Sunday, March 9, 2008

Castro Valley History

Castro Valley is an unincorporated community in Alameda County, California, located in the picturesque East Bay hills of the Greater San Francisco Bay Area. It sits alongside Interstate 580 south of Oakland, east of San Leandro and north of Hayward, and borders Lake Chabot and the East Bay Regional Park District.

Named after Mexican Army soldier and rancher Don Guillermo Castro, it was part of an original 28,000 acre land grant known as Rancho San Lorenzo, which included Castro Valley, San Lorenzo, Hayward, Crow Canyon, Cull Canyon and Palomares Canyon.

During the early part of the 20th Century is was largely an agricultural area famous for its many chicken ranches (and its bootleg "stills" during Prohibition).

Today, as a thriving suburban community noted for its excellent schools, it retains much of its former rural character. The community's major event each year is the popular Rowell Ranch Rodeo with its parade and many accompanying activities.Its average elevation is 180 feet above sea level.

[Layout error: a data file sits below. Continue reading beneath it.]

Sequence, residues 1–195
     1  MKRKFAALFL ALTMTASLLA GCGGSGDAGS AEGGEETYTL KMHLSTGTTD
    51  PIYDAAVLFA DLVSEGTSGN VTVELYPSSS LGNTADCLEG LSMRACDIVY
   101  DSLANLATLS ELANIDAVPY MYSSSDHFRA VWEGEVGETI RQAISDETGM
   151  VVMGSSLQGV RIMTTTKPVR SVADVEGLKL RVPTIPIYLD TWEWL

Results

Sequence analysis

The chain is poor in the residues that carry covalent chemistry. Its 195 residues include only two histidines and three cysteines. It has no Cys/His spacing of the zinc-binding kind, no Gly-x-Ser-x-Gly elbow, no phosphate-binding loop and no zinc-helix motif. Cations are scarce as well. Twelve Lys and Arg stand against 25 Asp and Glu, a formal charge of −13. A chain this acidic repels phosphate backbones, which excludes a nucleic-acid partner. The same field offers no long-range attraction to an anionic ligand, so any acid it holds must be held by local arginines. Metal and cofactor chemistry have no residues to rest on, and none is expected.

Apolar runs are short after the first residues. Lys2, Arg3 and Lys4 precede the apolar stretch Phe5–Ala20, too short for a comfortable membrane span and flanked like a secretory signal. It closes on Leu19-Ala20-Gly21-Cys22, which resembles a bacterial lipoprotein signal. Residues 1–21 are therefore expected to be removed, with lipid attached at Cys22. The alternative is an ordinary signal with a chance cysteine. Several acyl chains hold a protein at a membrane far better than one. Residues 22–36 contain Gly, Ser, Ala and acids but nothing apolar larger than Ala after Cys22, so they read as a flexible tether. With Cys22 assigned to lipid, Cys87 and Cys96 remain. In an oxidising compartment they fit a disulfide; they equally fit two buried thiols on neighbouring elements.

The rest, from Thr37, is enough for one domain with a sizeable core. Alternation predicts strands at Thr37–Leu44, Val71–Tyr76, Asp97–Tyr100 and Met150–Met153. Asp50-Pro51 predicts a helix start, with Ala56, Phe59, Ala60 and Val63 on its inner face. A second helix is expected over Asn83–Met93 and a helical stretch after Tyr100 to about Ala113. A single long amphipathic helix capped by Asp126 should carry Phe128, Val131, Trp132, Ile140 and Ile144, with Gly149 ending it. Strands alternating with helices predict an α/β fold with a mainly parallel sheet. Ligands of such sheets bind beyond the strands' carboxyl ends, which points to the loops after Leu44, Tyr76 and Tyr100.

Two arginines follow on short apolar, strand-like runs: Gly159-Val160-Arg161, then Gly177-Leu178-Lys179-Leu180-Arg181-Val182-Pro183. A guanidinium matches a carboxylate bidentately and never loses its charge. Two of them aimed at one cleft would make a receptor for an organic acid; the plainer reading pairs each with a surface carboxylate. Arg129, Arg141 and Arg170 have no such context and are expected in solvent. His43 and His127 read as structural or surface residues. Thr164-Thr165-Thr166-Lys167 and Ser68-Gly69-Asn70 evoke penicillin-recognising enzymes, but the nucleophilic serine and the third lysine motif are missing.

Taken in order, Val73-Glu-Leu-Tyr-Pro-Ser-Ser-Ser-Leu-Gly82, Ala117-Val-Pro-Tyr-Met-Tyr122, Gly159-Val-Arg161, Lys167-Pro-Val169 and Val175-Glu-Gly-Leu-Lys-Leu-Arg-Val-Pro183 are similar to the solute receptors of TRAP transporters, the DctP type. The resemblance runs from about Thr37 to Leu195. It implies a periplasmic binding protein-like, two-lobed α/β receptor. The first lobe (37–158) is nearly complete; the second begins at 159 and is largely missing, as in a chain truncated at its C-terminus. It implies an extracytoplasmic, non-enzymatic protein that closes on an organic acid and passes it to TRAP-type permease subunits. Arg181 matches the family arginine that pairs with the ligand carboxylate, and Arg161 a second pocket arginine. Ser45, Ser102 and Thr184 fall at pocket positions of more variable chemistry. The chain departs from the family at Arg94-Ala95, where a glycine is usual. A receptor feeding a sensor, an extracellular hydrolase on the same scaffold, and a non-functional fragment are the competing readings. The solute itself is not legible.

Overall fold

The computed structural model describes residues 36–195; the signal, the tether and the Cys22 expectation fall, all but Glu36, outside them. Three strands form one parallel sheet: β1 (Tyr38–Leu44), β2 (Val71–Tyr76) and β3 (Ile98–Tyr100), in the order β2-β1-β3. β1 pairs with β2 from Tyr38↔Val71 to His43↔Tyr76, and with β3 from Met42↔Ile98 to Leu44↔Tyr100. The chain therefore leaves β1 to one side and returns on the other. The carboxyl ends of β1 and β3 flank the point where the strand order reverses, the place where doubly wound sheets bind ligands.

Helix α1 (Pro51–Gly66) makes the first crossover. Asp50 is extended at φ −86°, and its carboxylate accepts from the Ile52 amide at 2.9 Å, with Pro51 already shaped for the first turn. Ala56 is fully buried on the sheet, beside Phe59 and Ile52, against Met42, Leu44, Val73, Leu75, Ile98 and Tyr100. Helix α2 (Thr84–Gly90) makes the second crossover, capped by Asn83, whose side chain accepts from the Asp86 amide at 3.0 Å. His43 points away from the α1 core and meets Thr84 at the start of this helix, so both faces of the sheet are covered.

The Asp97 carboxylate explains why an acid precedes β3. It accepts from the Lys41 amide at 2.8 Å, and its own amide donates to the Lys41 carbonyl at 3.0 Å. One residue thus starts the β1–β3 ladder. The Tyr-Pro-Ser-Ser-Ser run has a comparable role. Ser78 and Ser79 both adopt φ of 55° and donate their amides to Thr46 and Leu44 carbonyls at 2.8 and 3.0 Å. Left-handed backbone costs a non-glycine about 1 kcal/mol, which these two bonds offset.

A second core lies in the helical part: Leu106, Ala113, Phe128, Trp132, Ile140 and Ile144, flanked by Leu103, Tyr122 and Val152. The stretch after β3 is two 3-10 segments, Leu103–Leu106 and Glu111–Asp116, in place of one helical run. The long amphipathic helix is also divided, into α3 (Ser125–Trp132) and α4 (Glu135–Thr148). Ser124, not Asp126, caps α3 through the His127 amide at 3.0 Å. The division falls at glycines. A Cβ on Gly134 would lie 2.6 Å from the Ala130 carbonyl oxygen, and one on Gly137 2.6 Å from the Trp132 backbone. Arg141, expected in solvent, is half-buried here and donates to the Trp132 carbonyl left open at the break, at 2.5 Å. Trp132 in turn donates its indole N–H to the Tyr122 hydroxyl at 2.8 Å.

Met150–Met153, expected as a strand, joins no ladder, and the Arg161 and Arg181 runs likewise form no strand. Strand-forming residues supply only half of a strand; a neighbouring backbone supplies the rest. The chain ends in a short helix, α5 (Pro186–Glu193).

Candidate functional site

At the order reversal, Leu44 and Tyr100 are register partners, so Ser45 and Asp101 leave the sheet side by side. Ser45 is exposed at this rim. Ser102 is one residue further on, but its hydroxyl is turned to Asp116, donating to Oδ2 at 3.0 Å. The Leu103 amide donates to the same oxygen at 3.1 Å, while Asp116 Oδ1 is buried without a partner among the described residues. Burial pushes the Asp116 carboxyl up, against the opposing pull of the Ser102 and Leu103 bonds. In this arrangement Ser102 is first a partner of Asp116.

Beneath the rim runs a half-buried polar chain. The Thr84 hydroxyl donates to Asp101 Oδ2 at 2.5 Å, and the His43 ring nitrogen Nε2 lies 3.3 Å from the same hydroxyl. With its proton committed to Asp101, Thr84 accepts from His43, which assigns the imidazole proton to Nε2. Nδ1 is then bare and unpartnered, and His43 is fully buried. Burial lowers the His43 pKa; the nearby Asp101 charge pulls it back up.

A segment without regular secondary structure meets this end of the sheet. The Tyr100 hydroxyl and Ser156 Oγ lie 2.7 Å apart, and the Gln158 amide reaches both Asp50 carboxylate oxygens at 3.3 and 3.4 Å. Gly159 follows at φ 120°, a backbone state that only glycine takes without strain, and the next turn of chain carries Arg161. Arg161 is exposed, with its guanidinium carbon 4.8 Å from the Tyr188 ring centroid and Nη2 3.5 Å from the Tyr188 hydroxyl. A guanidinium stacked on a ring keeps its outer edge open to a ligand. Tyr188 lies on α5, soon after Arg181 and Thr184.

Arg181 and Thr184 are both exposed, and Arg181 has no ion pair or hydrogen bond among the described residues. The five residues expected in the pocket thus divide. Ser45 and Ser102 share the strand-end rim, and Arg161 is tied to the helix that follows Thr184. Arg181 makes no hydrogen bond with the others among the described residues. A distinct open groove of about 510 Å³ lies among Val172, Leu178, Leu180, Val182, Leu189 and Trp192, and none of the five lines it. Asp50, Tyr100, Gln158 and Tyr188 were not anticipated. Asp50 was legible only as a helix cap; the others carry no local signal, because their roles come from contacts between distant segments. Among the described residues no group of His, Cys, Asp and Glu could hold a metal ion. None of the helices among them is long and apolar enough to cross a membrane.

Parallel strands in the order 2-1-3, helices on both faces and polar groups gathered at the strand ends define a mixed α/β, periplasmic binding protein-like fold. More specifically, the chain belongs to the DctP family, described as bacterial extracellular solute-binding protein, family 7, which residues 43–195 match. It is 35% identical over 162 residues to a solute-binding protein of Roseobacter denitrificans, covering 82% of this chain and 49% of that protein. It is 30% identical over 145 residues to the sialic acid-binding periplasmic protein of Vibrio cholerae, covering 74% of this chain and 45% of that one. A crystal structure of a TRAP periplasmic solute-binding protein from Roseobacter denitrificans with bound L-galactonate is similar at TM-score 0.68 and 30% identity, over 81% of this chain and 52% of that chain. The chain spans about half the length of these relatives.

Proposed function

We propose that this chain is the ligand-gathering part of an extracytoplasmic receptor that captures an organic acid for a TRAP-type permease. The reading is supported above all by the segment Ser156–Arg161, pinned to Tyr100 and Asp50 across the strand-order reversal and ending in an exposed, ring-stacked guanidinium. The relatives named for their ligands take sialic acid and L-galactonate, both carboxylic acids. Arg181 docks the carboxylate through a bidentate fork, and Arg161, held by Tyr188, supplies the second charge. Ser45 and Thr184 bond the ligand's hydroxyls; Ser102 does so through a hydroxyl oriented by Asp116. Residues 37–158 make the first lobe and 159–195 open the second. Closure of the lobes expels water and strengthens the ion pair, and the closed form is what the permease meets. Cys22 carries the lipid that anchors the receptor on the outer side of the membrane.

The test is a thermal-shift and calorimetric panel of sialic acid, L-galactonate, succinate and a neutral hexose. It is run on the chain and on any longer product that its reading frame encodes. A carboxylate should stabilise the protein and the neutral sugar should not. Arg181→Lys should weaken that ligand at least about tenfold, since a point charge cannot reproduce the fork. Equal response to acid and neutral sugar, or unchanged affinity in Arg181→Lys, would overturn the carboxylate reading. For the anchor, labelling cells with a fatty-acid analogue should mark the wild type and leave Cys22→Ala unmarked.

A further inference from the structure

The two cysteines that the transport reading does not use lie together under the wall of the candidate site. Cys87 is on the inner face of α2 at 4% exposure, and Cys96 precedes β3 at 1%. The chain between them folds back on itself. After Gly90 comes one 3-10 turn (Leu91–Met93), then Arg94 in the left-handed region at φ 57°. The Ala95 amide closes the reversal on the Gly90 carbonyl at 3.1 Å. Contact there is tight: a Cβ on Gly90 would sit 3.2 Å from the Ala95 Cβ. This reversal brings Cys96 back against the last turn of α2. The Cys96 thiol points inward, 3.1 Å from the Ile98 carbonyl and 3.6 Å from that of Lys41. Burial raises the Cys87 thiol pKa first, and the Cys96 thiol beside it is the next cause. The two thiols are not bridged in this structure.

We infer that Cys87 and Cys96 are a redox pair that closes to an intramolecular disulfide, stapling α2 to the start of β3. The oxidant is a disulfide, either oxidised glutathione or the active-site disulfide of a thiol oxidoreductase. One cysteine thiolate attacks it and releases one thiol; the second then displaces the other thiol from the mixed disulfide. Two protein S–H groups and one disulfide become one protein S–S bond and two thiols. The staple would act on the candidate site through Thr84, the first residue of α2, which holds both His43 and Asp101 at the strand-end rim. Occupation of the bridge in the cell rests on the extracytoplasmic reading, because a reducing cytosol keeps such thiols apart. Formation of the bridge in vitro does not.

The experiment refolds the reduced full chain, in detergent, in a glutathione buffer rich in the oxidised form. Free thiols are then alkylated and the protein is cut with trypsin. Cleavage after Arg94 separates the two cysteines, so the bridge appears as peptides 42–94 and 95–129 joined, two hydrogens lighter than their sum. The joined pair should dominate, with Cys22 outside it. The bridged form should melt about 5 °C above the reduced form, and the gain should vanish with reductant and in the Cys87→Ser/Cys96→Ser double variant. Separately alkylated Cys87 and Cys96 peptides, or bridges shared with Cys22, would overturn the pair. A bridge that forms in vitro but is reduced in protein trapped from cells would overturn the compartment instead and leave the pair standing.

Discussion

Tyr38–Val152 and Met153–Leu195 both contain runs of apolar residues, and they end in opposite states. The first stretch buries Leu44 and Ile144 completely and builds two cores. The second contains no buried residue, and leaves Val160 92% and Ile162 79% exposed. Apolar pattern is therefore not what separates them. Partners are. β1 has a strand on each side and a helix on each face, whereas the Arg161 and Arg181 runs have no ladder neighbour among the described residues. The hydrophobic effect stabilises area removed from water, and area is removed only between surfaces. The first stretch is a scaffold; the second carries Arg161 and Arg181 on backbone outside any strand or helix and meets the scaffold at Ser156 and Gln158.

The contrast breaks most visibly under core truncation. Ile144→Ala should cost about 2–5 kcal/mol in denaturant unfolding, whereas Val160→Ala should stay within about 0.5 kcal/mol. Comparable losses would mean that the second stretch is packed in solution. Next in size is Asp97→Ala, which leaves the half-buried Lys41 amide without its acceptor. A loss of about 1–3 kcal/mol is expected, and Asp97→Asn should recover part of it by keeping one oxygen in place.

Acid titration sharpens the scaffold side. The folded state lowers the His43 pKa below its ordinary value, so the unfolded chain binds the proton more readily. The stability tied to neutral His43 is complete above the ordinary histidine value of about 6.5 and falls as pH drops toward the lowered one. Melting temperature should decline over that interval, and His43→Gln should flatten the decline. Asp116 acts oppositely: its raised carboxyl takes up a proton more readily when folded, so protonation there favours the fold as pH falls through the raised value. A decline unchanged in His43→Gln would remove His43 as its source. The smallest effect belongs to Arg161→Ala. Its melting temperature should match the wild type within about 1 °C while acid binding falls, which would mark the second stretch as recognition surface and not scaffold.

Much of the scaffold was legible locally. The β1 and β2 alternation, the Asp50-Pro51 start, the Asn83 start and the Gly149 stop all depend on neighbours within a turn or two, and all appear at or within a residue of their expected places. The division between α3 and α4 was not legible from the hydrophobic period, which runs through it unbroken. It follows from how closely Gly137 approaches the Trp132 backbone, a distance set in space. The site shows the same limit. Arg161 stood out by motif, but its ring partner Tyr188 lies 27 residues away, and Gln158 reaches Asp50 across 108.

Its land area is approximately 14.4 square miles with a population density of 3,972 people per square mile. As of the 2000 Census, it is the fifth most populous unincorporated area in California, and the twenty-third in the United States. Being unincorporated, it is governed by Alameda County and has no city services. To date, all efforts to incorporate Castro Valley have been voted down by its residents.

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